Ever wondered what kind of guy the former owner of a guitar was? Well, the one who owned this lot was a tinkerer.

Blazer

Doctor of Teleocity
Ad Free Member
Joined
Dec 2, 2003
Posts
17,614
Age
46
Location
The Netherlands
Okay, some explanation first, I was made aware of this estate sale of guitars a few months ago, their former owner had died, and his family had no idea what to do with those instruments. So they ended up selling them for an undisclosed figure to a local shop.

That shop owner contacted me straight away but having to buy a new car, I simply couldn't buy the whole shebang from them at that time. Today, however, I figured, let's go there and see what that estate sale had. There were ten guitars in total, which included four cheap (As in the kind of crappy "Hudson" branded strat copies, you'll never be able to get rid of.) electrics. And so I diverted my attention to the acoustics instead. The shop owner gave me an impossible to refuse price for the six acoustics, and they went home with me.

So what did I get?
DSC03141.JPG

This is the only guitar of the lot which didn't have some crazy DIY repair done to it. The label says “Sorrento”, no mention of its origin. But I think it's probably Korean. After a good cleaning and a fresh set of strings, she sounds perfectly.

Next up, what would have been the coolest guitar of the lot.
DSC03142.JPG

THIS is a Japanese made Aria Concert series AC-40, all solid woods. Like the Sorrento, she cleaned up nicely and sounds amazing. But look very closely at the top of the guitar.
DSC03144.JPG

Yeah, apparently the top sustained damage, and he repaired it by glueing half the top of another classical guitar on top of it, I frankly thought I saw it all...

DSC03145.JPG

… Until I saw THIS one. This is a sixties eastern European "Musima" branded Parlor. Which actually had a humbucker fitted in the soundhole. No ground wire however, so the pickup didn't live up to the "Humbucker" title. I ended up removing the pickup and all the wiring. As it plays and sounds just fine.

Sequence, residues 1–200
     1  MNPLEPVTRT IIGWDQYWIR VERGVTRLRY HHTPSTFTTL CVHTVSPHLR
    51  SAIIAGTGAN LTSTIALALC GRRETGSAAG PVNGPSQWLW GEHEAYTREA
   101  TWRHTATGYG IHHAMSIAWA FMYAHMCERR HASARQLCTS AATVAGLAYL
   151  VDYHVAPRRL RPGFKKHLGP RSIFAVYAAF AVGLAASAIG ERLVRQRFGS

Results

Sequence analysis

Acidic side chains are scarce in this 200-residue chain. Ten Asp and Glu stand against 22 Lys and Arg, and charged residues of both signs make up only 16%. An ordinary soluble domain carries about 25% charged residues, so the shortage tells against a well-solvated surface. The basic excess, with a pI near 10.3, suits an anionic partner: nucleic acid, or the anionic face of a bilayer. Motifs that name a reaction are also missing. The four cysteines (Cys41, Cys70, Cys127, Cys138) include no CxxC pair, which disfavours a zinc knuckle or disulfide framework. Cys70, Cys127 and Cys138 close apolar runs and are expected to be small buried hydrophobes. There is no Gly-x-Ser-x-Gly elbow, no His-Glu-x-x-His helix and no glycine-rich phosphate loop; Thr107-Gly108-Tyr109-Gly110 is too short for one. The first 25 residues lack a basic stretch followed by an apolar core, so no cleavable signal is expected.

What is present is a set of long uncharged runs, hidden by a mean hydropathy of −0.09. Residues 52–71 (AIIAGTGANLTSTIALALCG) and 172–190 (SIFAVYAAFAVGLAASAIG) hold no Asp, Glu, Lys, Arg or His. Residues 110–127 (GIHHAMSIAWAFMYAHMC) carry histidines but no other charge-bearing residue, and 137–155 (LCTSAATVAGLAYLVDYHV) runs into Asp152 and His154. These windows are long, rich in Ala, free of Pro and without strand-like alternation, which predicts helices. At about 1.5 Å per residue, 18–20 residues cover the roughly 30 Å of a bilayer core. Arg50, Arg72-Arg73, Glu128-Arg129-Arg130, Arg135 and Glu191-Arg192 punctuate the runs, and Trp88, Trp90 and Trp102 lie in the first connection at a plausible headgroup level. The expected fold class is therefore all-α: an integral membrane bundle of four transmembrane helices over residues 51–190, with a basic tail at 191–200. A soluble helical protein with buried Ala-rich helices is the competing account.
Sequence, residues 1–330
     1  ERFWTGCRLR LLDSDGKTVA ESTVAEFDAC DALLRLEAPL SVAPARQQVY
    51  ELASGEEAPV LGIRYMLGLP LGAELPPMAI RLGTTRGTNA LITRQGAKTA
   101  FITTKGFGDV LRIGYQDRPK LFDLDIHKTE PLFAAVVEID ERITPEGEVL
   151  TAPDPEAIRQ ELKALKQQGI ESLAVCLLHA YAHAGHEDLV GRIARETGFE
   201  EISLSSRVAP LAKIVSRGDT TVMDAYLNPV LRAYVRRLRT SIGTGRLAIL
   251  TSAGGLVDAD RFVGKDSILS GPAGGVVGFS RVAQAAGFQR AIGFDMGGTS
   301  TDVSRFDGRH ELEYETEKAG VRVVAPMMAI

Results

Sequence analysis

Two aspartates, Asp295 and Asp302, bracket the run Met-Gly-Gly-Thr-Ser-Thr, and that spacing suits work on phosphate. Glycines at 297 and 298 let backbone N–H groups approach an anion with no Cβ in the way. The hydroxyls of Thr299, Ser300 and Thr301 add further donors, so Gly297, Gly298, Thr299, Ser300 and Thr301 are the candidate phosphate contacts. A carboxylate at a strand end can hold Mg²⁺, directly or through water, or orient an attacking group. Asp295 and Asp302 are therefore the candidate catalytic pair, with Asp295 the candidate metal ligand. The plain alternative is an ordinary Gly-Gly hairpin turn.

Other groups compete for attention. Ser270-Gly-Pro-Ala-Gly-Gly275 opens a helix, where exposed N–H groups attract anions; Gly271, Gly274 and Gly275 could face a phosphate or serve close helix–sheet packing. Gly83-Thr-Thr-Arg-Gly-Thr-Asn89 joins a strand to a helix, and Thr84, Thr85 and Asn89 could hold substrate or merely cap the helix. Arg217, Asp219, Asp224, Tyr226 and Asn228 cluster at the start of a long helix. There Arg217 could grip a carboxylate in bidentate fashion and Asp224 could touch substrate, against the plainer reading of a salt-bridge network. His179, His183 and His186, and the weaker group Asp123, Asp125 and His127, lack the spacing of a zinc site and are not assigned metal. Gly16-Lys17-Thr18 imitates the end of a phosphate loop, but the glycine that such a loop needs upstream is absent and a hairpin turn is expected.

DSC03146.JPG

This "Sherwood" branded 12 string was set up as a six string with a wooden saddle and its bridge held in place with two hefty screws. I also discovered a patched up rectangular hole in its back where apparently a battery pack used to sit. The rosette is missing, and I found out why: there's four filled holes around the soundhole, apparently it had a pickup fitted much like the Musima.
DSC03147.JPG
Yeah, I only discovered that the neck was coming off when I readied it for this photo.
DSC03149.JPG


And last but far from least.
DSC03148.JPG

This probably was that guy's first guitar, it's a fifties Egmond "Symphonie" archtop jazz. Which aside from it missing its bridge and pickguard is in remarkable condition. But this being an Egmond, it's unplayable, the neck is warped in seven different directions.

So what am I going to do with these?

I'll keep the Sorrento as I love the way it sounds.
If I keep the Egmond, I'll probably take the neck off and make it a playable neck from scratch and probably fit it with P-90's.
The rest of the lot will go for sale, and I'll sell them with a profit.
 

Bob Womack

Friend of Leo's
Joined
May 28, 2016
Posts
2,425
Location
Between Clever and Stupid
View attachment 989232
This "Sherwood" branded 12 string was set up as a six string with a wooden saddle and its bridge held in place with two hefty screws. I also discovered a patched up rectangular hole in its back where apparently a battery pack used to sit. The rosette is missing, and I found out why: there's four filled holes around the soundhole, apparently it had a pickup fitted much like the Musima.
I'm pretty sure that is a Taylor bridge. Wildly out of context.

Bob
 




Top